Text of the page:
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Food captures the spirit of a destination. We’ve partnered with Susan Lanier-Graham of Wander With Wonder, who believes one of the best ways to discover culture and community when you travel is to enjoy the local food. Come along and uncover American foodie gems by booking a food tour.

I love a great food tour. The best ones combine a leisurely stroll through the community with a bit of history and some homegrown stories and legend. Here are a few of my favorite foodie tours from across the USA.

C’est Si Bon Food Tour, Baton Rouge, LA

Louisiana is all about the food. I love that unique blend of Cajun and Creole that means flavors unlike those you’ll find any other place on Earth. Baton Rouge Food Tours serves up local food and hospitality on its “C’est Si Bon Food Tour.” This guided walking tour takes about 2.5 hours and is led by Baton Rouge native Kim Harper or one of her team members.

Baton Rouge Food Tour - Poor Boy Lloyd's

Baton Rouge Food Tours

The walking tour is limited to just a dozen hungry people, so you have a chance to ask questions, stop for photos, and find out all the details on what you sample. This is well worth its price at $45. The tours take place twice a day on Thursday or Friday and happen rain or shine.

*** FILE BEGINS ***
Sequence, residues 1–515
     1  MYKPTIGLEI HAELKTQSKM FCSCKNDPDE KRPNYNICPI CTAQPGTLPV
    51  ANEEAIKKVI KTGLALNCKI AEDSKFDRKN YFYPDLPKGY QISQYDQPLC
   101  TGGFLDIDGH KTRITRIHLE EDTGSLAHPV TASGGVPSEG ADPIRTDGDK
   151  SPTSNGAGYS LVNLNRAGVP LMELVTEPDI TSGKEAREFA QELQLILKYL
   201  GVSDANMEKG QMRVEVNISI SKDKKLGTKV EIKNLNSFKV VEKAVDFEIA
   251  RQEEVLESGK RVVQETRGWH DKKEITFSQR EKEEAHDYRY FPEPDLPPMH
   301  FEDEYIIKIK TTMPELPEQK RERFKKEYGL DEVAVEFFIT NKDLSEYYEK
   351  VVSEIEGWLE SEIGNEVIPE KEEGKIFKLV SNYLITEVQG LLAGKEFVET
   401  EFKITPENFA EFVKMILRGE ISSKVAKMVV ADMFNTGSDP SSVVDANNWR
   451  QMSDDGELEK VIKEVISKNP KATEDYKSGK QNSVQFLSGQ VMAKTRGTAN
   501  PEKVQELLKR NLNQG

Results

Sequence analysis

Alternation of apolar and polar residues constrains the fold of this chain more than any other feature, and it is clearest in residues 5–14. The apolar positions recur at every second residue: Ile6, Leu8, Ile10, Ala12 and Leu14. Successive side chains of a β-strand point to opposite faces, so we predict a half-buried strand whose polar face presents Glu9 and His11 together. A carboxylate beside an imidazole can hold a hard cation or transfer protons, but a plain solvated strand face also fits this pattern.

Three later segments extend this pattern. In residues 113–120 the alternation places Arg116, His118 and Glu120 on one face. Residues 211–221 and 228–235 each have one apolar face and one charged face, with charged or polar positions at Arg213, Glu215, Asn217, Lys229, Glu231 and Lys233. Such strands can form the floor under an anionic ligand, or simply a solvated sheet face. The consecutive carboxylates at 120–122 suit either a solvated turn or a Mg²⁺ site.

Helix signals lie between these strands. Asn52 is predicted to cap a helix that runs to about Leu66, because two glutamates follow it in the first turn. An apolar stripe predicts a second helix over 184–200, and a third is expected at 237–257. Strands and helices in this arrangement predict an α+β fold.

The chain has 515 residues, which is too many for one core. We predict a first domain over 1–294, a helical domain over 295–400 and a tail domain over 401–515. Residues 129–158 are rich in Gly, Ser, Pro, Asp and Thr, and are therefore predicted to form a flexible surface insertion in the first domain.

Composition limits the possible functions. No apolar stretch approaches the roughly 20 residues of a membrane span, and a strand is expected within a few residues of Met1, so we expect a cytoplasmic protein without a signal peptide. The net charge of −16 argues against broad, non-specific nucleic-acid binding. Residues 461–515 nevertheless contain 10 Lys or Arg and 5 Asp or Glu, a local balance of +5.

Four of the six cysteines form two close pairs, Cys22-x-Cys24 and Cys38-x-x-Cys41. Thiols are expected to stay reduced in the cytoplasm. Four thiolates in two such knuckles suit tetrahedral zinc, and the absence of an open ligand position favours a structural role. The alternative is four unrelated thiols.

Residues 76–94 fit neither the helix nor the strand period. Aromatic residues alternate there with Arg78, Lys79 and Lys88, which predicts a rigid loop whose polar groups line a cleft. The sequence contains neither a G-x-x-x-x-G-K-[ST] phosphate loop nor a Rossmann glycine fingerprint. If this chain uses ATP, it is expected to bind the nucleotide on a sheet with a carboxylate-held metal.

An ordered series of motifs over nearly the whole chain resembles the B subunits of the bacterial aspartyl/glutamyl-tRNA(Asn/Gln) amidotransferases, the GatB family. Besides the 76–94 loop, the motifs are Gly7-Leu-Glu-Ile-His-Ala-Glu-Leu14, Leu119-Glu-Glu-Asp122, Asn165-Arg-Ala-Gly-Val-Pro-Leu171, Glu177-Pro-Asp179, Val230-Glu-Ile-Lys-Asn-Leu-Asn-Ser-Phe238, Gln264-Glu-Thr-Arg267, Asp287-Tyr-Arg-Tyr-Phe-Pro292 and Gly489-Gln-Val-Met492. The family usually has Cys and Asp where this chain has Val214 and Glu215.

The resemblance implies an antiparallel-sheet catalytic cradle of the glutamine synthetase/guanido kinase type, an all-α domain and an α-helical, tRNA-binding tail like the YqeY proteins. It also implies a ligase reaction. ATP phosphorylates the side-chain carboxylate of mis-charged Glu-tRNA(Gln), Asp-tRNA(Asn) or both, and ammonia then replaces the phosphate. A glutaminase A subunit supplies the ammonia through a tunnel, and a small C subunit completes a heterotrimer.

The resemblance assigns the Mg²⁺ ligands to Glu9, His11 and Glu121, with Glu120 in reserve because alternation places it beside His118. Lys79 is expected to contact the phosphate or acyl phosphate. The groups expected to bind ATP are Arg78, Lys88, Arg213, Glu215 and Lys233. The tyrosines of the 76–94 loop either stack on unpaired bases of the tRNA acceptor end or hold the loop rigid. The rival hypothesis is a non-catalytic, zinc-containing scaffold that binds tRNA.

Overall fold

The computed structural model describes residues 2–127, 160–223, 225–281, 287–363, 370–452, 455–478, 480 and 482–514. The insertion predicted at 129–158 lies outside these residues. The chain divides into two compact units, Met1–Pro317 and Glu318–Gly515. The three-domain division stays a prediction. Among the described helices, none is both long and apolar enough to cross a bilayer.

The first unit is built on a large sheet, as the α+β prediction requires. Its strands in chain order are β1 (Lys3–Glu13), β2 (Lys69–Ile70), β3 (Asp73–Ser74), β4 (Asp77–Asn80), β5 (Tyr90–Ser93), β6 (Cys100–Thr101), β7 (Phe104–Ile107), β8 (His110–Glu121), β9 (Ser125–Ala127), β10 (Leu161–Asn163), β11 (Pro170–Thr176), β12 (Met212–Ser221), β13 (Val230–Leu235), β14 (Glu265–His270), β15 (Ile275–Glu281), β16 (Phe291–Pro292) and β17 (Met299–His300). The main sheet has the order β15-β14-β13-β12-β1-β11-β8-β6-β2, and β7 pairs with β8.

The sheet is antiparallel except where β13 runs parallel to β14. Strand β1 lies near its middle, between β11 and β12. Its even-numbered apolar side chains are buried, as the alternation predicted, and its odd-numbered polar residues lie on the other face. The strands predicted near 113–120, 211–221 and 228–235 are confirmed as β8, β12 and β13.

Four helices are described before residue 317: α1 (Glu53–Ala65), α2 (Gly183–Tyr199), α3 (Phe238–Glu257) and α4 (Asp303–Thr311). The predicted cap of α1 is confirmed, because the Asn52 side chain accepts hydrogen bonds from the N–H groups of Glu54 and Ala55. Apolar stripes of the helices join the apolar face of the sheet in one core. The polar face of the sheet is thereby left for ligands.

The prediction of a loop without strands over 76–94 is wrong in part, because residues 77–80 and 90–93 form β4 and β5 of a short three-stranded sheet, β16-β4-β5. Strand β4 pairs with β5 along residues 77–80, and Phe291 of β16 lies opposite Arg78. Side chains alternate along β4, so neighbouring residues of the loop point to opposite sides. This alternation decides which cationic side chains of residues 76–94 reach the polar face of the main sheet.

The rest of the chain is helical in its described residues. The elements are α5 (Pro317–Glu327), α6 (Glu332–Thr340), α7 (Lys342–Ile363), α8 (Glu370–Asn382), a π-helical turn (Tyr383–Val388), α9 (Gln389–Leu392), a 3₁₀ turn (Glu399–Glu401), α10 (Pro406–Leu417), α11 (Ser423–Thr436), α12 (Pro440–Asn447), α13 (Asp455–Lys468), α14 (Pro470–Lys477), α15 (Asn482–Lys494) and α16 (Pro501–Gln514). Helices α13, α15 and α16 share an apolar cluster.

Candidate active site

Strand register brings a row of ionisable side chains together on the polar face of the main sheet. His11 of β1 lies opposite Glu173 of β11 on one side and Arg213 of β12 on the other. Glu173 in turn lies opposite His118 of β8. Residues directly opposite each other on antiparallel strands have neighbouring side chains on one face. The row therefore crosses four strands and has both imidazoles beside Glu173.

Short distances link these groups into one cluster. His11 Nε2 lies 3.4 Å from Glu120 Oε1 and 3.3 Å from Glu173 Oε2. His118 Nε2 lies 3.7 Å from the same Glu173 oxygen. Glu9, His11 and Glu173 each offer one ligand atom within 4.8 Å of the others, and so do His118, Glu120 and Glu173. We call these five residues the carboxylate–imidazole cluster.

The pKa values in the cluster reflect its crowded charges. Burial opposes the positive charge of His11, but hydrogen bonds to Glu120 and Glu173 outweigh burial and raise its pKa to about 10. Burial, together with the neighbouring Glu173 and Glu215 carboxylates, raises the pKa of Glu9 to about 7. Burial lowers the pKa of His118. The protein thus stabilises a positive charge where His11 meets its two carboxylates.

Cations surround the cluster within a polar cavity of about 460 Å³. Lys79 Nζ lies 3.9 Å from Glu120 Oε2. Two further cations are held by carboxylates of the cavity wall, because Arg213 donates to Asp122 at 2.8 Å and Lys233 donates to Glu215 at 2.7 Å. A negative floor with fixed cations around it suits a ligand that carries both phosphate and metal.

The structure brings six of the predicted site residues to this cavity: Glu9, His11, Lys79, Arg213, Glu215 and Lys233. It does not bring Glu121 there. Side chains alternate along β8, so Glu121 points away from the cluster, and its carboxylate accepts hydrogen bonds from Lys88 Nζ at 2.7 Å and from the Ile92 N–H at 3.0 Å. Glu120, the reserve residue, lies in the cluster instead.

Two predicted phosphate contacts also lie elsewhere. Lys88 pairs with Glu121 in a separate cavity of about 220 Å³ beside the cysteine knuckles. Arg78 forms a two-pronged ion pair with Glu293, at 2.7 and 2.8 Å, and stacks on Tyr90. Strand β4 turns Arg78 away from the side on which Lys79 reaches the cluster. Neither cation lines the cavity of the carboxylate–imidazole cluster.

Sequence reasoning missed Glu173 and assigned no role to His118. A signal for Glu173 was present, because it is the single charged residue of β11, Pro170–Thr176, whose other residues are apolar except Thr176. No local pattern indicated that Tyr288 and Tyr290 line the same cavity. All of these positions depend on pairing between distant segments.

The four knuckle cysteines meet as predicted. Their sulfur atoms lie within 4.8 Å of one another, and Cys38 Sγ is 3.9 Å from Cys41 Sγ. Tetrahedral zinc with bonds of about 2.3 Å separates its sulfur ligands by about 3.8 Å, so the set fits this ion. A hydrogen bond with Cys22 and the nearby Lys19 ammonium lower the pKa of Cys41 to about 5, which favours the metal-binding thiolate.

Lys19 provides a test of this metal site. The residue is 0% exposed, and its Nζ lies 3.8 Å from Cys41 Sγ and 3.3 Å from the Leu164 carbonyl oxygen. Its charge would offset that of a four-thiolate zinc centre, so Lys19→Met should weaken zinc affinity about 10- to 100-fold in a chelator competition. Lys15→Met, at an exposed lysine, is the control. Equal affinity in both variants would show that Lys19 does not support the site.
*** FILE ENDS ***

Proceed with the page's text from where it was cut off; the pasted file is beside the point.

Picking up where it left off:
Dining - Beignets at Coffee Call

Photo courtesy Baton Rouge CVB

The particular spots you dine might change, but you can always count on the taste of Louisiana on the tours — a classic Po’ Boy, shrimp and grits, gumbo with that tangy Andouille sausage, a warm beignet with powdered sugar. I had some amazing little bites on this tour and discovered a fun, eclectic downtown filled with energy and Southern hospitality.

Classic Carmel Food Tour, Carmel-By-The-Sea, CA

Carmel-By-The-Sea is a charming seaside village that offers the best of the Central California coast. Exploring that charm— the food, the architecture, and the ocean views — with Carmel Food Tours’ Staci Giovino is unforgettable. Staci loves her adopted town and hearing about the fun history, celebrities who frequent the area, and little quirks of this seaside town is part of the allure of this tour.

Carmel Food Tours

Carmel Food Tours. Photo by Susan Lanier-Graham

The Carmel Food Tour Classic Food Tour lasts about three hours and Staci walks you through little pathways, down hillsides, past historic cottages, and into a selection of locally owned restaurants, wineries, and even a chocolate shop. The entire 3-hour tour covers about 1.3 miles.

Sparkling Brut Rose from Caraccioli

Carmel Food Tours. Photo by Susan Lanier-Graham

For $79, you get more food than you can eat, a wine tasting, and a better look at Carmel than most visitors ever see. My favorite bites on this one were little gnocchi in an amazing cheese sauce, the sparkling rosé from Caracciola Cellars, and the chocolates from Lula’s Chocolates.

Lulas Chocolates

Carmel Food Tours. Photo by Susan Lanier-Graham

Avital Mission District Tour, San Francisco